As the nights draw in, St Aubyn Estates’ focus moves from trading to reinvesting, allocating spend for the next year, after what has been a hectic eight months. The summer season is about making sure the business runs day-to-day – such as managing a payroll that swells from 70 to 300 during that period – and even ensuring that the right coins get to the right parts of the estate.
But this is the point at which the “serious analysis” takes place, and this year it will include better-captured data. Strategy will be formed over the coming weeks, while marketing is busy out of season.
Slack is considering moving the year-end date from March to December. March is a busy gearing-up time for the estate, and previous sets of accounts have been filed late, so she now has an opportunity to get ahead on accounts preparation.
There is also the not inconsiderable task of getting some budget details over to the National Trust in October. The trust, rather than St Aubyn, owns the mount.
In 1954, Francis St Aubyn – the third Lord St Levan – gave most of the mount to the National Trust, along with a large endowment fund for its upkeep. He retained a 999-year lease for the family to live in the castle as well as a licence to show the historical rooms to the visiting public.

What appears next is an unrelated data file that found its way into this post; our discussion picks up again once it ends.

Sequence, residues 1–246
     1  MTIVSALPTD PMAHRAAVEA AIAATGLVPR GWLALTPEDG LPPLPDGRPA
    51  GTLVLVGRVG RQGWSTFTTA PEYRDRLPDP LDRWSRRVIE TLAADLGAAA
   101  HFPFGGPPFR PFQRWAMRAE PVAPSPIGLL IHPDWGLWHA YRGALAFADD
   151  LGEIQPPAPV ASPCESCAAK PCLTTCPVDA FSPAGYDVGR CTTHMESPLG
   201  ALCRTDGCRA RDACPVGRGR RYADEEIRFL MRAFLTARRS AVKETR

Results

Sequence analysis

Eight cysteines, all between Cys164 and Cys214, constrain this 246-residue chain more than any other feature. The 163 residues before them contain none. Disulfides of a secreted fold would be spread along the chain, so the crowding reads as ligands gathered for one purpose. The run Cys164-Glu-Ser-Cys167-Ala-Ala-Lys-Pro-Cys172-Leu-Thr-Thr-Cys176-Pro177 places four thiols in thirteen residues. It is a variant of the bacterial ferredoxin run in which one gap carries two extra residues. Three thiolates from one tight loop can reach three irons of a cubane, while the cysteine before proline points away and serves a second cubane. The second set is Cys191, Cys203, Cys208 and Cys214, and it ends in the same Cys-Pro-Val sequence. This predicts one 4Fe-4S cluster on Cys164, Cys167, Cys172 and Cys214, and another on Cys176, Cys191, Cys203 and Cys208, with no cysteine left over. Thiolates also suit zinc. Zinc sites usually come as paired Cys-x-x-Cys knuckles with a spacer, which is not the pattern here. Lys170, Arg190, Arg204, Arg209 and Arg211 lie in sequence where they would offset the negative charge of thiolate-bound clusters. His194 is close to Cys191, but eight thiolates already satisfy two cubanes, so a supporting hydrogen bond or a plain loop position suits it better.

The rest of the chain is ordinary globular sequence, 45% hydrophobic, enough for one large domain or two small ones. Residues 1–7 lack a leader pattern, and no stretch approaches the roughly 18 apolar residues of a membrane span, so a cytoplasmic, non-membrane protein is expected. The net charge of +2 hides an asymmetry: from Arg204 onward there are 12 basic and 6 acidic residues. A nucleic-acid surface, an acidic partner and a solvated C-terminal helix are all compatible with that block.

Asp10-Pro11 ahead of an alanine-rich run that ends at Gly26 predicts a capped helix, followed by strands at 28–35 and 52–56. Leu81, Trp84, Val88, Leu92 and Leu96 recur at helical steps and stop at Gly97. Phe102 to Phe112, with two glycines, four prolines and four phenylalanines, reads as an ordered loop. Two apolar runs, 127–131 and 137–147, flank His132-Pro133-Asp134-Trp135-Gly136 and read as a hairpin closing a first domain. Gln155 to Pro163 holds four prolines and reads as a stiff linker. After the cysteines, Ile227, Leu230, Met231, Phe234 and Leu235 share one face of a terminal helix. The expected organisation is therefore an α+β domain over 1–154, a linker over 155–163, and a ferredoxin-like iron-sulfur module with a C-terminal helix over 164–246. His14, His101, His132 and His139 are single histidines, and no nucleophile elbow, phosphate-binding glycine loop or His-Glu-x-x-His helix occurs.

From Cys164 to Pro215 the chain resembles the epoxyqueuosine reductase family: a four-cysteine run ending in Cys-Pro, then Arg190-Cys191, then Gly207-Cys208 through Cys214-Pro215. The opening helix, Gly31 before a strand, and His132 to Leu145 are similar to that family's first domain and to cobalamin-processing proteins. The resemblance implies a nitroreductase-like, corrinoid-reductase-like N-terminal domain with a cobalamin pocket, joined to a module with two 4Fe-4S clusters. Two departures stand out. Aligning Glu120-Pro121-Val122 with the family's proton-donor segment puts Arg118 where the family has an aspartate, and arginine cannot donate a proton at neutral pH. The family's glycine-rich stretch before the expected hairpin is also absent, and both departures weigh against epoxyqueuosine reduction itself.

Along with the budget details, much of the investment made by St Aubyn goes towards maintaining the estate. The endowment fund is topped up by trading, and the whole pot is then used to support maintenance.
Other issues with which Slack has to deal include the regulatory load of the estates comprising 18 different legal entities, and how that affects day-to-day bookkeeping. As the estate operates through trusts, tax matters come to the fore. While uncomfortable talking about what are family decisions, Slack does say that some of the older structures now “leak tax” after being hit by legislative change. So those are being considered at the moment.
Her role and the backdrop in which she works seem idyllic. But she points out that the decision to move to Cornwall was not purely lifestyle – and the estate wasn’t interested in appointing someone looking to wind down. In turn, Slack was looking for a role that would challenge her and sit well as a career step.
“I don’t see this as a ‘sitting back’ kind of role – it’s very much about developing my career, but also to offer experience they didn’t have. So it’s a good match, but not possibly what I would have predicted,” she concludes. ?